Open water, a cool breeze, clear skies, and the feeling of waves lapping at the side of your boat: Few activities are more relaxing and enjoyable than summer boating. Getting caught up in the euphoria, however, is no excuse to be negligent and ignore the rules on the water.
The Herald has reported on no deadly boating accidents on the South Shore this summer, and we’d like boaters to keep it that way. Nowadays, areas like the South Shore Blueway Trail in Freeport are populated not only with boaters, but also with swimmers, paddleboarders and kayakers, which makes it even more important for those with motors to operate their crafts safely, using common sense.
We’re now six weeks into hurricane season, and we should all be more aware of one of the most important natural resources that helps to reduce the damage caused by big storms: mudflats. Coastal wetlands that form when mud is deposited by tides or rivers, mudflats absorb large amounts of water that storms push landward. They reduce the force of those storms, and serve as buffer zones against erosion.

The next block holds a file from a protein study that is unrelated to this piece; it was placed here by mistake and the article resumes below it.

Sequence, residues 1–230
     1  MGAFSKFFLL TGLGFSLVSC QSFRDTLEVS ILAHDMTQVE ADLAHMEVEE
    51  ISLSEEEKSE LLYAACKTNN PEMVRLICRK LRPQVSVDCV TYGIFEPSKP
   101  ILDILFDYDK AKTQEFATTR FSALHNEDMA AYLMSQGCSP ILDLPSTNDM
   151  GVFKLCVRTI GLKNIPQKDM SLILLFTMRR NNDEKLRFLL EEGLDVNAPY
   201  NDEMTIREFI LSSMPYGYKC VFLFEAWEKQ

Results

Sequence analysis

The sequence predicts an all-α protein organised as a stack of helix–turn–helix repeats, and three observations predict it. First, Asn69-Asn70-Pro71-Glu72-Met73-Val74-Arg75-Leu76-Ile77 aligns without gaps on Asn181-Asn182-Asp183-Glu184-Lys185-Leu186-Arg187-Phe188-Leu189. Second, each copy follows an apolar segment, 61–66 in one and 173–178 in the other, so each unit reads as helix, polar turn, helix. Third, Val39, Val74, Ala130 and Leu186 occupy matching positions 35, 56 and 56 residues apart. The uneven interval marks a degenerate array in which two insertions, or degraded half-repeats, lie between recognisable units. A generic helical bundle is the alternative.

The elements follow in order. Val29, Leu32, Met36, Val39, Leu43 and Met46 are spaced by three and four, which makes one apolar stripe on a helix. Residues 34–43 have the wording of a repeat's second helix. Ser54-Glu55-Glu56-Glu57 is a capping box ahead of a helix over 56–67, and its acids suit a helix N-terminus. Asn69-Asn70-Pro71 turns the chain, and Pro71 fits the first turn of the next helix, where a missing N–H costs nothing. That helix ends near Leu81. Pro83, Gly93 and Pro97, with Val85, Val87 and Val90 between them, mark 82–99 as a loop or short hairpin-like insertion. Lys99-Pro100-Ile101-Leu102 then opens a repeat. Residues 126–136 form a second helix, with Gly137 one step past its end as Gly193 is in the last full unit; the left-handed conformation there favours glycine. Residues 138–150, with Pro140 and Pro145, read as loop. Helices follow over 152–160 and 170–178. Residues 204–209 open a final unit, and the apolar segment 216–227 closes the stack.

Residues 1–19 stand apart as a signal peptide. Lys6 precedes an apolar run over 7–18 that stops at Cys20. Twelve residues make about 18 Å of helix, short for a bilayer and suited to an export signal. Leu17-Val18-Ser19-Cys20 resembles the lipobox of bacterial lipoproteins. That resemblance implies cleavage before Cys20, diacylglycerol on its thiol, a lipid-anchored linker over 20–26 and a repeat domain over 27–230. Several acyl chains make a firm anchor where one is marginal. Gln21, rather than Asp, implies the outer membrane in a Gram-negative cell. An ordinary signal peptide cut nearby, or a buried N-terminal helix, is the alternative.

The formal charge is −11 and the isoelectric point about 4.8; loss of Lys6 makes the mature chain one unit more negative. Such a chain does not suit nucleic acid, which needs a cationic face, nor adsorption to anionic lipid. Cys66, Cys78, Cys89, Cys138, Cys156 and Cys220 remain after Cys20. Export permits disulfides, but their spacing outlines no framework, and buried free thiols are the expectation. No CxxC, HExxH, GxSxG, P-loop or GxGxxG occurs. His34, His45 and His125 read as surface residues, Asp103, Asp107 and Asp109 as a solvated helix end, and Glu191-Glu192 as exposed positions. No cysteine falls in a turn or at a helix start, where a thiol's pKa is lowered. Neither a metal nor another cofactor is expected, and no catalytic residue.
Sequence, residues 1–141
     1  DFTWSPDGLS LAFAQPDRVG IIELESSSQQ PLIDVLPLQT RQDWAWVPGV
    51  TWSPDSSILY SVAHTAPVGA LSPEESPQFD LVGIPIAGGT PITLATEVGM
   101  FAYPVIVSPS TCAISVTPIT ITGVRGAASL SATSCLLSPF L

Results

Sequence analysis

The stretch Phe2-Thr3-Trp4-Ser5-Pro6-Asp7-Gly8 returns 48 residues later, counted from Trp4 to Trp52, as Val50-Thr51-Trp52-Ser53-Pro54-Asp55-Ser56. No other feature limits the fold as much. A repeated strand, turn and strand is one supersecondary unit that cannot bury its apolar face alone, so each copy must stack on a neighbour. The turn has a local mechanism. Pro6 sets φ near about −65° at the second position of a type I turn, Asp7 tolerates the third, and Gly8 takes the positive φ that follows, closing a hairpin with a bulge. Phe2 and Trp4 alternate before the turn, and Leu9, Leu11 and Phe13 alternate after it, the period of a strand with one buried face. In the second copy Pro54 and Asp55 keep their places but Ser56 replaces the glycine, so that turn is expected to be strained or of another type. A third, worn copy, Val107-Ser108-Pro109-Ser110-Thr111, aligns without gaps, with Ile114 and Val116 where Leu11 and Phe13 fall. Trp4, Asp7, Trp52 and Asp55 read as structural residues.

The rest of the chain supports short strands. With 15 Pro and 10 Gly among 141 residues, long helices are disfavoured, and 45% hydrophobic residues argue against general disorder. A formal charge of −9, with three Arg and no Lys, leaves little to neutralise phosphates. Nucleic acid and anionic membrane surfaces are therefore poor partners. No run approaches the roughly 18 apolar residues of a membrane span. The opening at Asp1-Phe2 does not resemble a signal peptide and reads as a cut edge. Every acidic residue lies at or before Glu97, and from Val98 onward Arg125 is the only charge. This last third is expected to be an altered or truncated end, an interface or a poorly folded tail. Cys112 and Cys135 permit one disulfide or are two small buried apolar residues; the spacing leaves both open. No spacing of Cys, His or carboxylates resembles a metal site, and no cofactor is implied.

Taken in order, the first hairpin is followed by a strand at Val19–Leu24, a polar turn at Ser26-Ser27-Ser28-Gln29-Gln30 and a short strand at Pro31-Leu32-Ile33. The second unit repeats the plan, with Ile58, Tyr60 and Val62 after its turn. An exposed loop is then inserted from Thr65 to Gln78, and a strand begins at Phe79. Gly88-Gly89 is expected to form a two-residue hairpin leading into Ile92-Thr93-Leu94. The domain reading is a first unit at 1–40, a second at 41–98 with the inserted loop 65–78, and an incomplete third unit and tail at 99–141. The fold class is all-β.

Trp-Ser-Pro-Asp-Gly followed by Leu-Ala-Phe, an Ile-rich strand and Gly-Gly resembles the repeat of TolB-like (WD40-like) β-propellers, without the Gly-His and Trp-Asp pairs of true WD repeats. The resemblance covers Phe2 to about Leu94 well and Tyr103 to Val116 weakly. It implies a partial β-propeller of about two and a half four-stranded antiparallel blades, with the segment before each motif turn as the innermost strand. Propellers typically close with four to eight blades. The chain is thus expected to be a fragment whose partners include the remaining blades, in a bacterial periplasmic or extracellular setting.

The wakes boaters leave when they speed through these wetlands, however, can erode the mudflats over time. If you’re boating this summer, be responsible by minding signs delineating no-wake zones, which usually have speed limits of 5 miles per hour.
Yes, boating should be fun, but boat operators must also focus on safe practices. Don’t ruin a great day on the water by being anything less than vigilant about the swimmers, kayakers and paddleboarders who share the water — and the restrictions that are intended to preserve our priceless natural habitats.